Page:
This voluntary recall is being conducted in cooperation with the US Food and Drug Administration. All other Midwestern Pet Foods products are unaffected by this recall.

U.S. citizens can report complaints about FDA-regulated pet food products by calling the consumer complaint coordinator in your area.

Or go to the FDA’s “Report a Pet Food Complaint” page.

Canadians can report any health or safety incidents related to the use of this product by filling out the Consumer Product Incident Report Form.

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Phew!

Nothing to add save please share this!

The Dog Food Advisor.

A good summary of all that matters.

The Dog and Cat Food update was announced two days ago.

In the covering email they said:

Dear Fellow Dog Lover,

You’re getting this email because you signed up on our website and asked to be notified. If you no longer wish to receive these emails, please click the “unsubscribe” link at the bottom of this message.

Bravo Packing of Carney’s Point, NJ, is expanding its recall to now include multiple dog and cat food products due to possible contamination with Salmonella and Listeria bacteria.

For full details, please visit the following link: Bravo Packing Expands Dog and Cat Food Recall

Best Dog Food for March 2021

The Dog Food Advisor has recently updated the following best dog food pages:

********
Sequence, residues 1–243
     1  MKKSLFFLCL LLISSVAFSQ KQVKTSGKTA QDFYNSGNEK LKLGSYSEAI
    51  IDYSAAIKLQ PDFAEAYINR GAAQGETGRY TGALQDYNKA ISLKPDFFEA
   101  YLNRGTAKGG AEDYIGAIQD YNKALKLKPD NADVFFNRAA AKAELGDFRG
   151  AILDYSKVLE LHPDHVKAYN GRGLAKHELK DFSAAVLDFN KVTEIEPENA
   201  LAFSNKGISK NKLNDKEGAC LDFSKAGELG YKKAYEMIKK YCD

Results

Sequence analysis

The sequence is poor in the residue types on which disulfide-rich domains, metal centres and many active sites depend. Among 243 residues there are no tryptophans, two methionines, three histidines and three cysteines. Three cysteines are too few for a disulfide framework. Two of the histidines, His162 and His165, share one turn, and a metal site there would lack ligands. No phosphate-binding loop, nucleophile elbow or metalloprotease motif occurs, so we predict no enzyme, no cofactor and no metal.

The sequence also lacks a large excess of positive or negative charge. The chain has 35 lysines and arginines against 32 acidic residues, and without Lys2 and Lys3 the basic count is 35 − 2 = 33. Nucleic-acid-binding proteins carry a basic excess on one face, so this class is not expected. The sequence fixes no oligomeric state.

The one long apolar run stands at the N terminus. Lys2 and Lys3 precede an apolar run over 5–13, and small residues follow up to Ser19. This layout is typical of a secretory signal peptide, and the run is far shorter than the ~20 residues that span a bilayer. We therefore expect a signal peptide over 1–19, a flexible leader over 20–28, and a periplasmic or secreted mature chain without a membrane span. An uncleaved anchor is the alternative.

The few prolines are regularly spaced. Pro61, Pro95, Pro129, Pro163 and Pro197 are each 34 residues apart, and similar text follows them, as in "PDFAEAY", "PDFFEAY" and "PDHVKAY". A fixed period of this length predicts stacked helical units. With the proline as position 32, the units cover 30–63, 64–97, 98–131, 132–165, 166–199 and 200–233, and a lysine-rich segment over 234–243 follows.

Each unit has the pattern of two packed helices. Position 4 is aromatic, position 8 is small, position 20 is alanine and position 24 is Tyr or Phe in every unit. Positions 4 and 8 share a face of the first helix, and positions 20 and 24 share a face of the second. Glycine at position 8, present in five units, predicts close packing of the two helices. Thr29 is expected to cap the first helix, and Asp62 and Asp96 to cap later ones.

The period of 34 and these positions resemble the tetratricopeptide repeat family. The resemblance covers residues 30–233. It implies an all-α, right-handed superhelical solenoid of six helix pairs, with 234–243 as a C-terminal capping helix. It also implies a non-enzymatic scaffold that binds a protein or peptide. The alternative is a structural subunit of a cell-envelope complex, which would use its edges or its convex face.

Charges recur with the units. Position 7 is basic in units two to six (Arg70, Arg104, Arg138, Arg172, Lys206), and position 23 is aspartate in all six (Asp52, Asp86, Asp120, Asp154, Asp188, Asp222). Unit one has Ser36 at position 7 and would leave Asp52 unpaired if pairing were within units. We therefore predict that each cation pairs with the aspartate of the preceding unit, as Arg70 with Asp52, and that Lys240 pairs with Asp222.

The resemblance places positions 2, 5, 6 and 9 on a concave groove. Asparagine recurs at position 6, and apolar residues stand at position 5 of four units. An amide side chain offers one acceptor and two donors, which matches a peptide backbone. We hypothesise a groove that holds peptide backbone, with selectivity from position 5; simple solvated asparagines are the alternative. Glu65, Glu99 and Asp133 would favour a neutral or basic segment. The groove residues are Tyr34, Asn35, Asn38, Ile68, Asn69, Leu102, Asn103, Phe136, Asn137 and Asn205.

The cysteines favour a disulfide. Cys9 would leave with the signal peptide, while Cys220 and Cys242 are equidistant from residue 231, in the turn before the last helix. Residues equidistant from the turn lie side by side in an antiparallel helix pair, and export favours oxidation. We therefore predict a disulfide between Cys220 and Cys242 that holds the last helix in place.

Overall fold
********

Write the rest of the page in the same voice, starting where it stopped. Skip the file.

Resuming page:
• Best Dry Dog Foods
  • Best Puppy Foods
  • Best Large Breed Puppy Foods
  • Best Dog Foods for Small Dogs
  • Best Dog Food for Allergies
  • Best Grain-Free Dog Foods
  • Best Dog Foods Made with Grain
  • Best Budget-Friendly Dog Foods
  • Best Dog Food for Specific Breeds
  • Best Senior Dog Foods

Click here to see our Best Dog Foods for March 2021

Please be sure to share this news with other dog and cat owners.

Mike Sagman, Editor
The Dog Food Advisor
Saving Good Dogs From Bad Dog Food

Now onto the Bravo Packing recall.

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Bravo Packing Expands Dog and Cat Food Recall

March 16, 2021 — Bravo Packing, Inc., of Carneys Point, New Jersey, is expandingits previously announced voluntary recall of two pet food products to now include all pet food and bones in all package sizes… because they may be contaminated with disease-causing bacteria.

During an FDA inspection, samples collected tested positive for Salmonella and Listeria monocytogenes and resulted in a recall due to the potential health risks to humans and pets.

See The Dog Food Advisor’s previous announcement here.

What’s Recalled?

Bravo Packing, Inc. is expanding the recall due to potential cross contamination of the following dog and cat food products.

Label Images of Recalled Products

The following label images are included in the FDA bulletin. No other photographs were provided by the company.

About Salmonella